Wednesday, June 25, 2008

Vanity Press/Publisher

Way back when, when I first decided I wanted to be a writer, someone said something very interesting to me. It was something I'd never heard of before, and was really shocked to hear it then -

"It's costs a lot to get a book published, you know."

Now, I was about 17 or so at the time, and though I would find I had a lot to learn about publishing, the thought of having to pay to have a book published never really crossed my mind. Isn't it the other way around? That's what I thought, but hey - I was 17 and still had a lot to learn...

Well, fast forward x amount of years and I do know better. No. You don't pay to have Avon or Harlequin or Kensington publish your book. You write a great manuscript, and they pay you.

When it costs you to have a book published, you've been published by a vanity press (publisher). Plain and simple. Or, if your book comes out in one format (i.e. -electronic) and there's a setup fee for a print copy of that same book - that's a subsidy publisher. Any time your money flow toward the publisher, you are paying to play and that's vanity publication.

Now, that's not to say it's wrong. In certain situations, for certain niches, vanity publishing is perfectly acceptable. Maybe you wrote a family history and want to give it out in book form at the upcoming family reunion. Well, vanity publishing is fine in this case.

But, if you're a serious writer, hoping to have a career in the field, don't confuse it with commercial publishing. Agents and editors do not consider a vanity publication to count as a legitimate writing credit. A vanity-published book will not gain you entrance into certain writers' organizations - or, might exclude you from the published author factor of certain organizations (such as RWA's PAN - Published Author Network.)

In fact, depending on what vanity publisher you use **coughcough** PublishAmerica **coughcough** , it could, in fact, hurt you. Hurt your credibility as writer. And that's because certain vanity publishers try to give the impression that they are a traditional publisher (which, in fact, was a term that never even existed until a certain vanity publisher - see above mentioned coughs - coined it).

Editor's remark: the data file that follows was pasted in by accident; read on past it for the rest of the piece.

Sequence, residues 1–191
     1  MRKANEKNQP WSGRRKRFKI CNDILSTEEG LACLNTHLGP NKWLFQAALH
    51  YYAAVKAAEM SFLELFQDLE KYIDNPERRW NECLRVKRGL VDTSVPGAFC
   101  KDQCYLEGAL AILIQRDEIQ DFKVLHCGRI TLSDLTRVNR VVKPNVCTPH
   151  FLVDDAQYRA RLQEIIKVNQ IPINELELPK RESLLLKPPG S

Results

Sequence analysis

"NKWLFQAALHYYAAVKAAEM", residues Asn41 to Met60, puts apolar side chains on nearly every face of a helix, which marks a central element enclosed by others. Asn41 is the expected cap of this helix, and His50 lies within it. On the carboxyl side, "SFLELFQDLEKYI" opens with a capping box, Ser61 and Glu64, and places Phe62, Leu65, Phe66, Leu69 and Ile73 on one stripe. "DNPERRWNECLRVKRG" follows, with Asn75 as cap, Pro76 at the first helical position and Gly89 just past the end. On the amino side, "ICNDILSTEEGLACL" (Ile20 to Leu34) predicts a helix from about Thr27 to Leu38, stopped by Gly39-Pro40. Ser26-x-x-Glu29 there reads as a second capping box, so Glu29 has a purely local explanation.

So, bottom line is, if you aren't serious about a writing career, or your book's target audience is so limited that is isn't commercially viable (but not necessarily a bad book, per se) a vanity publisher may be the way to go. But, if you are serious about a writing career, remember this one golden rule, courtesy author James MacDonald - "Money flows toward the writer. Not the other way around."

5 comments:

NarelleB said...

I second (and third) that.

Marian said...

There should be a checklist of some sort, along these lines.

"I have written a book, but... (please tick all that apply)

___ I want it published soon.
___ I just want a few copies for my family and friends.
___ I am not interested in selling it or making money.
___ I don't plan on writing another or having a career in writing.
___ I want it published very soon.
___ I don't want anyone making any changes to it.
___ I don't want to go through the stress of rejection letters.
___ I distrust agents, editors and the publishing industry in general.
___ I want it published NOW.
___ I am not a writer.

If you have ticked one to four of the above, a vanity press may be the best for you. If you have ticked five or more, there's this nice little company in Maryland..."

Angela said...

Good post. I am amazed still and how many people out there are not imformed enough to understand the difference between traditional and self publishing. Worse are the ones who post on writer's sites, thrilled how Publish America has accepted their book and it was the first time they ever submitted a manuscript, can you believe it?

Ugh. Just a small amount of research would save so much heartache. I like seeing posts about this on blogs, because it increases the chances that people will be more informed before sending off work, and who they send it to.

Kim said...

I love the idea of a checklist - who knows how many people it might save from the cesspool of PA. =)

Marian said...

Well, I've added an expanded version of the checklist to my blog! Deals with commercial publication, good vanity presses like Lulu and then the scum like PA.